If the judge ordered shared parenting and then ordered both parents to come up with a parenting plan, 75% of wars would end there, and if parents do end up back in front of the judge, then the judge should review the material and find a happy medium that would enabled the child to have equal access to both parents. The problem is that attorneys and judges think they have a major in psychology and honestly believe they "know" whats best for the child without really having a clue. I've never seen a Judge or an attorney do follow visits to homes they rendered a decision to. Nor do they collect data on a scientific level on how their decisions have affected children. It's absurd that a Judge would think they know whats best for children in a situation where children's welfare isn't at any real risk. It's none of their business what they think unless a parent is unfit. I suggest you pause for a moment and stop reading case law and review what WE The People say about shared parenting. Read what psychologist are saying. It was already our (parents and children) constitutional and inalienable God given right. You nor a Judge have any right to lift a single decision/opinion towards it (only in your own case). This is America man... when you strip away all the mumbo jumbo, ordering shared parenting is the only option available. Anything else is an abuse of the American law system and direct violation on human rights.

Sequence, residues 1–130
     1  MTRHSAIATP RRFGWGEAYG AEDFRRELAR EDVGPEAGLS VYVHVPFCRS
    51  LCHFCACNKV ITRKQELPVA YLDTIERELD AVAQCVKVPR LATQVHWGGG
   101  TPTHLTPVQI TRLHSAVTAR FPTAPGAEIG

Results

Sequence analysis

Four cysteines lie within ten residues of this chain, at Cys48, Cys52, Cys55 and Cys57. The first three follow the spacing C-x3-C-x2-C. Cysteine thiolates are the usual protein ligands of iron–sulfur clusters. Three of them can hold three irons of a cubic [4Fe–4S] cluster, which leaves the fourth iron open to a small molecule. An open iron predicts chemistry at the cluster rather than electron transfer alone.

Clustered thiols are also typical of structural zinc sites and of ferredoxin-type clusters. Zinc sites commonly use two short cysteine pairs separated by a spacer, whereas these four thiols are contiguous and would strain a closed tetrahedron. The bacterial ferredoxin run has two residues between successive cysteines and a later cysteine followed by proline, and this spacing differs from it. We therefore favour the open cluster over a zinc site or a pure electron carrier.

Sam Hasler said...

Sorry about the delay in responding here. At some point, I do need to make a living.